18 Women and over 50 pieces of art grace our one small gallery this February! We hope you come take a look. Show will be displayed through the month of February, 2016.
Please join us for an artist reception
Saturday, February 13 from 3:00 p.m. to 5:00 p.m.
My work is representational with an emotional tint. I paint out of the joy I feel about nature and people. I connect with God and my best self when I pick up a brush.
- Leslie Leavenworth, 2015
In the Gallery July 1 – August 15, 2015
The Central Iowa Textile Artists (CITA) came into being in 2003 when six people with an interest in textile arts decided to meet on a monthly basis to encourage and challenge each other.
Today there are 13 members of this artist’s group. Of the 13, three are published authors, five have pattern companies, six teach classes in various techniques, and three have hand-dyed fabric and/or clothing companies. All are award-winning artists whose works have hung in galleries and/or shows and private collections all over the country.
Each artist uses her own mix of quilting and art techniques that can vary for every piece of art she produces. These techniques may include piecing, painting, dye painting, dyeing, collage, silk screen, and embellishing with hand and machine decorative stitching, couching and beading.
CITA members include:
Ilene Bartos - Urbandale
Janet Bergeron - Norwalk
Jan Hall - Des Moines
Hollie Hart - Des Moines
Barbara Jones - West Des Moines
Rebecca Kemble - West Des Moines
Linda Knierim - Grinnell
Angela Lawrence - Des Moines
Jean O’Donnell - Des Moines
Janet Pittman - West Des Moines
Wendy Read - Fairfield
Barb Stewart - Clive
Jeanne Stilley - Des Moines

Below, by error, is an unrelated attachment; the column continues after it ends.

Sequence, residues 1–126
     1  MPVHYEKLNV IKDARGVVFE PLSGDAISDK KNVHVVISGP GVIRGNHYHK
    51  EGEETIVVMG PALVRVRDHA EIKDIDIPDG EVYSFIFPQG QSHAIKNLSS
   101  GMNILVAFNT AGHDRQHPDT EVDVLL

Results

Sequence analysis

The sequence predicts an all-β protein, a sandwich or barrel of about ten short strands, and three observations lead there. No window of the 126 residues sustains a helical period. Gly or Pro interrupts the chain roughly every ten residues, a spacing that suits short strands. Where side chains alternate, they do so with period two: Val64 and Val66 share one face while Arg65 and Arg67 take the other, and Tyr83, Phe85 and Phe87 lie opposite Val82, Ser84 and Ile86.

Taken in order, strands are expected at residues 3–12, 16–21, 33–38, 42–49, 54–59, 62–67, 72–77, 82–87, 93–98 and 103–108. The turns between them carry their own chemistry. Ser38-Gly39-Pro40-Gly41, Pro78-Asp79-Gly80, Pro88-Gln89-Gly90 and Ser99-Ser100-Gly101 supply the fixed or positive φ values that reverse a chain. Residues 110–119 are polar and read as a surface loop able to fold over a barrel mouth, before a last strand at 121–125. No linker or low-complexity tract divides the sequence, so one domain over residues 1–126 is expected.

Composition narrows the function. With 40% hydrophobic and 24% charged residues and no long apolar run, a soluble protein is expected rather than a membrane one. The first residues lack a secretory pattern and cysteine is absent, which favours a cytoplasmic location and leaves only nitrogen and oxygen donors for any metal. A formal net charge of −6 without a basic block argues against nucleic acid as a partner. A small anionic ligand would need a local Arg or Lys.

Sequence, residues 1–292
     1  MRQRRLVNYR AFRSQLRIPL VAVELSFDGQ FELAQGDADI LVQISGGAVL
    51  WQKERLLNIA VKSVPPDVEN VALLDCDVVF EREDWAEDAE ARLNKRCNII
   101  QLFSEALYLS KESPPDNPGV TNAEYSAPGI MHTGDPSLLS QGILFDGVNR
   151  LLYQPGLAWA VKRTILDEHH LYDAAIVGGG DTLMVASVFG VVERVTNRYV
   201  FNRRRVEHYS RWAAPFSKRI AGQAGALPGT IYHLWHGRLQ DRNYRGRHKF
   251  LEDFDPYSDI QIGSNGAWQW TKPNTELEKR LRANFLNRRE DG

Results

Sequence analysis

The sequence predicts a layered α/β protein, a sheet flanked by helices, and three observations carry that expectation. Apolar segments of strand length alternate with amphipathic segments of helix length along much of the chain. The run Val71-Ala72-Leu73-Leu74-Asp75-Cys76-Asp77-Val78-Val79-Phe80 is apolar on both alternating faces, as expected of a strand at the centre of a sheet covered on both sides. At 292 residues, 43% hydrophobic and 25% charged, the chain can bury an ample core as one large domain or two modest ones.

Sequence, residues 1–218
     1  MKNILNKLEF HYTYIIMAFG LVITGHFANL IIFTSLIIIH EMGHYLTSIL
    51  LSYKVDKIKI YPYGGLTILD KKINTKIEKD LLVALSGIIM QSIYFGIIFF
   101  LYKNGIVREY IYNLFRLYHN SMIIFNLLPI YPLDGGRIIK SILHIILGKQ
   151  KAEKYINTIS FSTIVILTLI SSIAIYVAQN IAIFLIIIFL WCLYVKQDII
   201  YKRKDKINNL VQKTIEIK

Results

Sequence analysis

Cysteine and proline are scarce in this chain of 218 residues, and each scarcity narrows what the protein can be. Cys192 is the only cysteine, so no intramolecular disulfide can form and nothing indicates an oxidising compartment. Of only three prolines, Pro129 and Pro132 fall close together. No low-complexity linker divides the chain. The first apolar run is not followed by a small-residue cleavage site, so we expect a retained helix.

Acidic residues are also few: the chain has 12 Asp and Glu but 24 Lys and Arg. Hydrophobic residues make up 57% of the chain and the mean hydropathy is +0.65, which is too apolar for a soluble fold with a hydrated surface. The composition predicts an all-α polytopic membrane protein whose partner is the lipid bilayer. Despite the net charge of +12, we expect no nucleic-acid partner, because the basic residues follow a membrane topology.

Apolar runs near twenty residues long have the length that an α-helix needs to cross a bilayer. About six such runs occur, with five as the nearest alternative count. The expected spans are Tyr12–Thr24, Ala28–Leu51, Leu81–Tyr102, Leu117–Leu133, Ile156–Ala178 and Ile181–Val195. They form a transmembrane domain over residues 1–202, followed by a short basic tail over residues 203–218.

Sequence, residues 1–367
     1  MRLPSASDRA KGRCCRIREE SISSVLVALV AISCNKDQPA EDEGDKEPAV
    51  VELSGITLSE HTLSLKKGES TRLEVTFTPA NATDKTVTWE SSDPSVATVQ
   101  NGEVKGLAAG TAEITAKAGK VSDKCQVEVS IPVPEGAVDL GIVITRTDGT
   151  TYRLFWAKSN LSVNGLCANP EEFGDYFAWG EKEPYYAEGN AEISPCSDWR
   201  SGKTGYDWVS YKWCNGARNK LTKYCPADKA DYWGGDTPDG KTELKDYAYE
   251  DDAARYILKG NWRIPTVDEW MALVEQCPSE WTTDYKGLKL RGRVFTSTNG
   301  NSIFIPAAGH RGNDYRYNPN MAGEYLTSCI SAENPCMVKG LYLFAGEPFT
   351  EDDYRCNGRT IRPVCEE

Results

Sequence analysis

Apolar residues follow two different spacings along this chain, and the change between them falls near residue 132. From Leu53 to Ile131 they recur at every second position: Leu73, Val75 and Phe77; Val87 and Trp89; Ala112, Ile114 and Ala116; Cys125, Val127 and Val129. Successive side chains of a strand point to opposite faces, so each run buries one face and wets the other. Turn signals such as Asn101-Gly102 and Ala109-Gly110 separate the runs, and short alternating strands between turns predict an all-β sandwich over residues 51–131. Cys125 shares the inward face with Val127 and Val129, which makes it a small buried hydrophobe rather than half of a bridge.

In the Gallery April 16 – May 16
Luke grew up in Dallas Center and graduated from the University of Northern Iowa. He currently resides in Ankeny with his wife Jennifer. The couple owns a new home, one that has a lot of blank wall space. So Luke set about making paintings to fill those walls. Friends and family were taken by the décor. “It just makes me feel good,” said one.
Indeed, much of Luke’s work is very emotional. Painting offers him a break from the tediously detailed pen and ink illustrations he’s spent much of his life creating. In brushes and canvas, he can just cut loose and give form to pure energy and aggression.
But there is a method to the madness. He logs ideas every day, making sketches and doodles that seem to have a bit of magic in them.
Then, with the blank canvas calling him, he begins.
When he’s painting, he seeks balance in color, shape, and lines. He’ll work (and rework) some canvases over and over again until he’s sure the feeling is right for the moment. In those bursts, when everything seems to flow, the paints have minds of their own, guiding Luke, instead of the other way around.
When the act of creation seems like a direct connection to a deep emotional well, when the brushes seem to be the ones in control, that’s when Luke is happiest in his work.
That other people seem to get a kick out of those colors and lines adds immeasurably to his joy.
In the Gallery March 1 - April 15, 2015
Ben Schuh earned degrees in visual art and graphic design in 2004. Driven by his love of painting, he has focused his career as a professional painter and is pursuing opportunities to showcase his paintings.
He considers himself a portraitist of life and believes it is critical to build relationships with his clients and to support local businesses. By doing this he can see what is going on where he lives and in the communities he travels to around the country. By learning why people are drawn to his work he is able to take their reactions and challenge himself as an artist. After all, it is his patrons who allow him to continue to push himself further as he pursues this dream.
Characterized by bold brushstrokes, distinct colors, and multiple layers, each work is one of a kind, offering the perfect compliment to any room. His original paintings can be found in homes, offices, and private collections across the United States as well as in Canada and Europe.
"By painting from the heart my latest works explore the importance of supporting everything local. From art to business to farming… let’s make a difference!" – Ben Schuh
MORE on BenSchuh.com
These prints are products of Urbandale Public Library Art Galleries Art Under Pressure steamroller printing event. On May 10th these relief prints were made using a steamroller in the parking lot of the Library. There will be a silent auction of the prints on the to help further other Gallery projects starting on June 20th and going until the 30th. Go to the Silent Auction page for more information.
What is a relief print?